9. #9
    Join Date
    Feb 2007
    Location
    Lewistown, Montana
    Posts
    3,372
    That little bit of chrome has a serious effect. Think of this the difference between mild steel and hardenable steel is that tiny bit of carbon, incidentally, about the same percentage as the chrome added to the 1060 that makes it 5160. Same amount of change would happen if you added a tiny bit of tungsten. It doesn't take much sometimes. Just 3% or so nickel and now you can make a sharp blade steel that can be used in a bandsaw

  10. #10
    Join Date
    Oct 2001
    Location
    Bentonville, Arkansas, United States
    Posts
    20,833
    Quote Originally Posted by Dave Bowen View Post
    However, every 5160 blade I have quenched in water has cracked. Are you talking about brine, or straight water?
    The ones I have done were straight water. Perhaps I lucked out? ~20 times in a row? *shrug*

    And, like Kevin said, thickness makes a huge difference.


    Lest anybody get any funny ideas...I do 99% of my quenching in oil - usually Brownells ToughQuench....sometimes transmission fluid. I would much rather use oil.

    Just was responding to the "can't" part of your statement.



    Jeff has it right about the kukris - teapot with hot water...it's done that way so the bladesmith can watch the colors change during heat-treat. If they had a way (impossible) to edge quench reliably, I'm sure they'd use it.

  11. #11
    Join Date
    Aug 2004
    Location
    Norfolk,Va.
    Posts
    19,125
    As to 5160 and 1060 being very "similar", remember, men and women are genetically nearly identical. That little extra piece of DNA that make a Y chromosome into an X chromosome makes a HUGE difference, though. Same with a little chromium.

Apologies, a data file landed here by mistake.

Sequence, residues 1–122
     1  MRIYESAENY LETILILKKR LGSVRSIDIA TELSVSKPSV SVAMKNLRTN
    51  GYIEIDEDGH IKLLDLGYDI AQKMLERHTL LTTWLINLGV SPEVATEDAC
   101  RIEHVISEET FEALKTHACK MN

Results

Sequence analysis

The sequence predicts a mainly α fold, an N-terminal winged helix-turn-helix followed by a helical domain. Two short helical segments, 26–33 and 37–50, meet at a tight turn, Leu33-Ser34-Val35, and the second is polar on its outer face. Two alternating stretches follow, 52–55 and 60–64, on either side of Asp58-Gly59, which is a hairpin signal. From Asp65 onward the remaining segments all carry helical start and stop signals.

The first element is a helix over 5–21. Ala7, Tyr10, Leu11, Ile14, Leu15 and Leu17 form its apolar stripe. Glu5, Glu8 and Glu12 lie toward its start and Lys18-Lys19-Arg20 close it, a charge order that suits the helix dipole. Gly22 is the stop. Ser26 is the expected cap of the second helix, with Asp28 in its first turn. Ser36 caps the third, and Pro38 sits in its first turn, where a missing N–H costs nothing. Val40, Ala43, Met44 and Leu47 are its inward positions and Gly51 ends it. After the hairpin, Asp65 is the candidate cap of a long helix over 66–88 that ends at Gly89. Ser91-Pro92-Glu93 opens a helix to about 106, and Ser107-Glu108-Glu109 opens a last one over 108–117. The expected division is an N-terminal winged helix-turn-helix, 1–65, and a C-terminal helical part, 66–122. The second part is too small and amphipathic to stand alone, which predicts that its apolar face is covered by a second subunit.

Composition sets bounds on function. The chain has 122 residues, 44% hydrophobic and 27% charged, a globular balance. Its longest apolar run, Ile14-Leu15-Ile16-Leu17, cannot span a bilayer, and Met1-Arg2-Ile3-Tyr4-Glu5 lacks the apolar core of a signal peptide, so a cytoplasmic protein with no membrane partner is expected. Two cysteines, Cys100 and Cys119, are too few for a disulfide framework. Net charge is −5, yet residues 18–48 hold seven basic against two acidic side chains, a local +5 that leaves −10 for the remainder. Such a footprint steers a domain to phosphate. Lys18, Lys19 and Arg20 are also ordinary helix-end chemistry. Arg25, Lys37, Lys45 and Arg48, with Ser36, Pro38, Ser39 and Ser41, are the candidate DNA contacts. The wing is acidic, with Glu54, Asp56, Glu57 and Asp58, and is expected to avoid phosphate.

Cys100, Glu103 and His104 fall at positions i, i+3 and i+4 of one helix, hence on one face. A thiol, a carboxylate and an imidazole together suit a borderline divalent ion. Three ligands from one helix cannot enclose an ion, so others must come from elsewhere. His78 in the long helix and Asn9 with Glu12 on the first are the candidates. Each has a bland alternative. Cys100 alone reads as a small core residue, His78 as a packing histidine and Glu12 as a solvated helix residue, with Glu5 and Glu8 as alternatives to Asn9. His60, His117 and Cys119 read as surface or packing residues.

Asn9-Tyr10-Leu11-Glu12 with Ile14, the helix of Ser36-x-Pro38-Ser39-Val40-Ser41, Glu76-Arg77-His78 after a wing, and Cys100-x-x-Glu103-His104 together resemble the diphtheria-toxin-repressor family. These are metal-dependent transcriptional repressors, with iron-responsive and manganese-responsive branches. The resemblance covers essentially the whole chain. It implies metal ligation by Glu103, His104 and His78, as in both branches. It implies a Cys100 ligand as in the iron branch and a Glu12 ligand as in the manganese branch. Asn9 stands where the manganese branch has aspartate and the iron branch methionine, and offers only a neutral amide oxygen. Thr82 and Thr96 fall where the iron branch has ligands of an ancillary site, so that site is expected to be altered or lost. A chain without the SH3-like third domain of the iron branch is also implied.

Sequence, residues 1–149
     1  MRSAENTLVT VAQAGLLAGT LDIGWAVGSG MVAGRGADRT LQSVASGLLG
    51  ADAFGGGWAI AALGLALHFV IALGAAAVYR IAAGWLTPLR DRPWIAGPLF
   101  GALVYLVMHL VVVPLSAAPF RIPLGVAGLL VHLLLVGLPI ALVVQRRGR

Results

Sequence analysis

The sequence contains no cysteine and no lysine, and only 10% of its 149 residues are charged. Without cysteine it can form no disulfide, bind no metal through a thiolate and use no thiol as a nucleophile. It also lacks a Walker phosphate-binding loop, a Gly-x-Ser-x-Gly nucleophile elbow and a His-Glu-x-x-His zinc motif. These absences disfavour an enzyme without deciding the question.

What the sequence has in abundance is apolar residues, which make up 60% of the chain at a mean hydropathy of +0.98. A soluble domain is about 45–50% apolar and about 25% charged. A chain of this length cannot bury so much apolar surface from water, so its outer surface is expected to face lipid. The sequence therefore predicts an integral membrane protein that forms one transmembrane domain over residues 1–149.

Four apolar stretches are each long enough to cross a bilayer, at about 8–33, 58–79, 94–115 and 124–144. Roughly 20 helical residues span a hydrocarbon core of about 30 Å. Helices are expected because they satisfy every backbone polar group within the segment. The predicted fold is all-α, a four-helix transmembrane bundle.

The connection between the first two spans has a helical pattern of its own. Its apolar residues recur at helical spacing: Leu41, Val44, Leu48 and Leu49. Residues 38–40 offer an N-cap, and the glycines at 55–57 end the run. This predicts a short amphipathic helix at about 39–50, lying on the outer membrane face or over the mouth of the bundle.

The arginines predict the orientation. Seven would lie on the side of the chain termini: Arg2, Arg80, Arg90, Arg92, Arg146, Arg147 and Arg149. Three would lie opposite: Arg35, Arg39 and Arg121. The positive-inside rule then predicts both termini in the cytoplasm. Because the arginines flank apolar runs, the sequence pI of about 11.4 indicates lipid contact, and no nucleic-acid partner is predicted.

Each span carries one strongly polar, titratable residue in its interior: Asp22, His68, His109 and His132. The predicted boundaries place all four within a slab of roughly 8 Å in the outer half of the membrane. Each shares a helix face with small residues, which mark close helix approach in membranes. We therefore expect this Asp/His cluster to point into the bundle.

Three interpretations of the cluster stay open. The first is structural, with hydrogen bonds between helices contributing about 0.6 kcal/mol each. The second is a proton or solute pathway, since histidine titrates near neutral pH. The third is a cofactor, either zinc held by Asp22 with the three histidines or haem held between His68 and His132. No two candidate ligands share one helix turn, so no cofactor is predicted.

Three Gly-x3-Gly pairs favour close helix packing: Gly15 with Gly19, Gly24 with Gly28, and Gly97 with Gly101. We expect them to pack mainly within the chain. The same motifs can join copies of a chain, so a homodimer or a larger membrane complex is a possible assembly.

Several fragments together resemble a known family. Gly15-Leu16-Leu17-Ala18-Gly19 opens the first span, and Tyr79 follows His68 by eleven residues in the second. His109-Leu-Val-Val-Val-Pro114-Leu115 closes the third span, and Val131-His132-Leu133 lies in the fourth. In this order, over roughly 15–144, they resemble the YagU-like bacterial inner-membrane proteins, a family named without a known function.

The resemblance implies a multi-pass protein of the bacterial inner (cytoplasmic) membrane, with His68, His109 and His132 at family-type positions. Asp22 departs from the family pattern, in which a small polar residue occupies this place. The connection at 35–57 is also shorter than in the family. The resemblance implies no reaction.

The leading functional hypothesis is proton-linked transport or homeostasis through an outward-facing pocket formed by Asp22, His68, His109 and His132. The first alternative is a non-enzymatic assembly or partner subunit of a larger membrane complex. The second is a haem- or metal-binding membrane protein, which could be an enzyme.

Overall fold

Stacy
    Stacy E.Apelt
    It is better to die fighting evil than to live under it.

  12. #12
    Join Date
    Oct 2001
    Location
    Bentonville, Arkansas, United States
    Posts
    20,833
    Dang....I'm gonna use that next time I'm at a hammer-in.

    "You see, guys.....chromium is.....well, it's like sex"







    just yankin' ur chain, Stacy!!



  13. #13
    Join Date
    Aug 2003
    Location
    West Warwick, Rhode Island
    Posts
    1,466
    Quote Originally Posted by Daniel Koster View Post
    ..."You see, guys.....chromium is.....well, it's like sex"

    No wonder I like forging 5160 so much

  14. #14
    Join Date
    Feb 2007
    Location
    Lewistown, Montana
    Posts
    3,372
    and all thoughts of actual metallurgy flys from their brains to be replaced by................................................ ............,,,,,,,,,,,........................... ...................................owwwwww thats hot!

  15. #15
    Join Date
    Oct 2002
    Location
    Success, Missouri
    Posts
    9,457
    The difference between men and women is much greater than the difference between 5160 and 1060 But a good comparison.

    With carbon as low as .60, a little alloy is needed to boost performance. I prefer more carbon to get the job done but these are pretty good knife steels. 1065 is noticeably a better performer than 1060.
    Don
    www.sunfishforge.com

    2014 Fisk Micro Show Oct 10-12; Jerry Fisk, John White, JR Cook, Don Hanson III
    Member CKCA, ABS

  16. #16
    Join Date
    Oct 2006
    Location
    Syracuse NY, Will the last employed worker please turn out the lights?
    Posts
    3,232
    Quote Originally Posted by Dave Bowen View Post
    I stand corrected.
    However, every 5160 blade I have quenched in water has cracked. Are you talking about brine, or straight water?